D.C. Prepares To Launch Transportation As A Service (10-5-18)

Washington, D.C.

The city wants to boost for-hire vehicle occupancy rates, while also improving low-income residents’ access to transportation and reducing traffic congestion.

WASHINGTON — Only 40 percent of the taxis and ride-hailing vehicles in the District of Columbia are occupied at any given time, ever since services like Uber and Lyft gained popularity, according to City Hall.

Car subscriptions and Google’s self-driving taxi service—under development in Mountain View, California—are likely to transform the transportation ecosystem even further in coming years. So, district officials say they want to start now to help fill the seats of the vehicles on the road, while also helping provide better transportation options for low-income residents.

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Self-Driving Shuttles Roll Out On Columbus Streets (9-24-18)

One of Columbus’ self-driving shuttles. Image courtesy of May Mobility.

Columbus, Ohio, winner of the Department of Transportation’s Smart Cities Challenge in 2016, is using part of the $50 million it received to pilot a self-driving shuttle program. The driverless vehicles took to the streets late last week.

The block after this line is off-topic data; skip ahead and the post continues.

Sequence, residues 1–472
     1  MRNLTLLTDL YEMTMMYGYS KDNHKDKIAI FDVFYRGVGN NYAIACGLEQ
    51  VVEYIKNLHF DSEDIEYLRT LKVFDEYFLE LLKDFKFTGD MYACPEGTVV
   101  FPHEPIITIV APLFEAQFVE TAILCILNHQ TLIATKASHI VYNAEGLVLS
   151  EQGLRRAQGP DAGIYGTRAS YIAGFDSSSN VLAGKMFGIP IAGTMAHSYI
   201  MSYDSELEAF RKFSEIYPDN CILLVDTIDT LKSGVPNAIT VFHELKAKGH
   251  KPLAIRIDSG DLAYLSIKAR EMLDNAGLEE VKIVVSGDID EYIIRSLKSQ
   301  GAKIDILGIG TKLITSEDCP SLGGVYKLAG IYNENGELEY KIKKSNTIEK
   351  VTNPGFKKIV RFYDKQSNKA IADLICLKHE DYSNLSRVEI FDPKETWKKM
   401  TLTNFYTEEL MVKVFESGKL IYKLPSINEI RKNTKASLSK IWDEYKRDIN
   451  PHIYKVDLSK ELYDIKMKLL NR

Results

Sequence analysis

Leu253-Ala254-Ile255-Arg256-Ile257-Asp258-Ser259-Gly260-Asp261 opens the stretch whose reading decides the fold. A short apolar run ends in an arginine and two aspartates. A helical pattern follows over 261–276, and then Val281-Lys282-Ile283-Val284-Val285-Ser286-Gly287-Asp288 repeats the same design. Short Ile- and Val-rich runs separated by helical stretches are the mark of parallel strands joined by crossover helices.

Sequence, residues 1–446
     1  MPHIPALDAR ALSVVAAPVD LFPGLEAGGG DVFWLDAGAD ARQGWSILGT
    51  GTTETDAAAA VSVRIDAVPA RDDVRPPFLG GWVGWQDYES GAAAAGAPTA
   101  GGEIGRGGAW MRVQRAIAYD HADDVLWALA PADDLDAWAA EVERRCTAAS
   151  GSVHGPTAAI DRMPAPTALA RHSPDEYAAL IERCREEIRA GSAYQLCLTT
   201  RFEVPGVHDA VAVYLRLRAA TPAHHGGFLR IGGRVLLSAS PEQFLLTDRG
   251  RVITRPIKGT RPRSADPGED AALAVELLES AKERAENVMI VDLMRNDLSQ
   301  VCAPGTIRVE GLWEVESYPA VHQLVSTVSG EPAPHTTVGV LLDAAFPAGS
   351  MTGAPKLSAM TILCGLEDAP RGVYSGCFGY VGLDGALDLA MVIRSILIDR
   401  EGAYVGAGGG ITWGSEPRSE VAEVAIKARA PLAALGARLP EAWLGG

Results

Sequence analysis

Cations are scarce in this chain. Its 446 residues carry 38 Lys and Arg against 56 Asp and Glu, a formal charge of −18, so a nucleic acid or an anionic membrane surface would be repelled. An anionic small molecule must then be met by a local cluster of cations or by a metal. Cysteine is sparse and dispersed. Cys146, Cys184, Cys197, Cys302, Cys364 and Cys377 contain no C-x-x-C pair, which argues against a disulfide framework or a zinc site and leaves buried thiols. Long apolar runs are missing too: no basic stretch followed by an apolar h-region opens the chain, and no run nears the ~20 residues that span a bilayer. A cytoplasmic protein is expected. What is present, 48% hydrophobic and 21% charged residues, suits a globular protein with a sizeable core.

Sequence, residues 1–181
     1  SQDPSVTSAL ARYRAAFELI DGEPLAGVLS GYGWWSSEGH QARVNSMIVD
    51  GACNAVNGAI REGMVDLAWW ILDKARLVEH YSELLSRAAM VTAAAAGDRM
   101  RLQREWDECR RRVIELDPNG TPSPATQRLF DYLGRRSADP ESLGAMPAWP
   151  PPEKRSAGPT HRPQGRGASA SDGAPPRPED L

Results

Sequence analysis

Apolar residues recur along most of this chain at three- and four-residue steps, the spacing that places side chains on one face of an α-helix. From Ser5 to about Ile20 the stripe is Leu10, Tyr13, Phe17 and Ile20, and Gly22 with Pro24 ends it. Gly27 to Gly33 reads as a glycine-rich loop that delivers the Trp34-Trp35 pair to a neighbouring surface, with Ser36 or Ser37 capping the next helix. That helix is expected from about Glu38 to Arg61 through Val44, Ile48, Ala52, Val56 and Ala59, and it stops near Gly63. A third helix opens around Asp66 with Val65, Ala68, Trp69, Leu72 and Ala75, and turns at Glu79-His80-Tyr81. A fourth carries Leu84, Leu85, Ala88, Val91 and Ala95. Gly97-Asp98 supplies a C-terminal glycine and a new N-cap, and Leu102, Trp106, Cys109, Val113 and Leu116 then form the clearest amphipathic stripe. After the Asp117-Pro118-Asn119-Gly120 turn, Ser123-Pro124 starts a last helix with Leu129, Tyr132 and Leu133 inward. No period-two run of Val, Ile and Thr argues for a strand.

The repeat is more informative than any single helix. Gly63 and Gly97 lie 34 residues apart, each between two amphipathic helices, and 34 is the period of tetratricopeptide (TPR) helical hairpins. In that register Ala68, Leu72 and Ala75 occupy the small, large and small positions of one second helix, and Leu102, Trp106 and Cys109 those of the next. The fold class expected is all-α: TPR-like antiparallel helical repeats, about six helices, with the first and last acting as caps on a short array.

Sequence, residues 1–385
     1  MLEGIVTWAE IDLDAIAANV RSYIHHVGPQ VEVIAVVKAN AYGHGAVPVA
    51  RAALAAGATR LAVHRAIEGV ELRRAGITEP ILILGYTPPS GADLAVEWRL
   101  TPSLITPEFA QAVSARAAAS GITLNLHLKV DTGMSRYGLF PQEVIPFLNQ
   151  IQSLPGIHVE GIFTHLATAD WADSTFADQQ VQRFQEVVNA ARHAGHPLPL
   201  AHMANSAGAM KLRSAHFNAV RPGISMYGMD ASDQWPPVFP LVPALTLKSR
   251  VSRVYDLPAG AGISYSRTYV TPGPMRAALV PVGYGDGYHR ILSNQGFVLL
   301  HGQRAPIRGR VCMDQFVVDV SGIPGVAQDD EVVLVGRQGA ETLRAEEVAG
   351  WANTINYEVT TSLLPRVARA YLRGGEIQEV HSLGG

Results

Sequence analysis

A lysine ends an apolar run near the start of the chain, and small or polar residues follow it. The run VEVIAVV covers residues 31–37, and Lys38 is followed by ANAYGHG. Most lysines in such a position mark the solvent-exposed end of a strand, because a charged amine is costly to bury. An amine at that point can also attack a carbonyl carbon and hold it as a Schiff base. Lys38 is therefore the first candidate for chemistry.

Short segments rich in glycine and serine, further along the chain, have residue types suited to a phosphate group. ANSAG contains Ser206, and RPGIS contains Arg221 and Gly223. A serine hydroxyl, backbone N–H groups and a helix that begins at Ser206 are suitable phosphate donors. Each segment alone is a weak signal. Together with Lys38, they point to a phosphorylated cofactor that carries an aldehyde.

The vehicles are operated by May Mobility, a Michigan-based startup. No passengers are currently allowed on the shuttles, as the route is still being mapped and tested; however, riders will be invited to ride starting in December, according to program materials.

“We’re proud to have the first self-driving shuttle in Ohio being tested on the streets of Columbus,” Mayor Andrew Ginther said in a statement. “This pilot will shape future uses of this emerging technology in Columbus and the nation. Residents win when we add more mobility options to our transportation ecosystem — making it easier to get to work, school or local attractions.”

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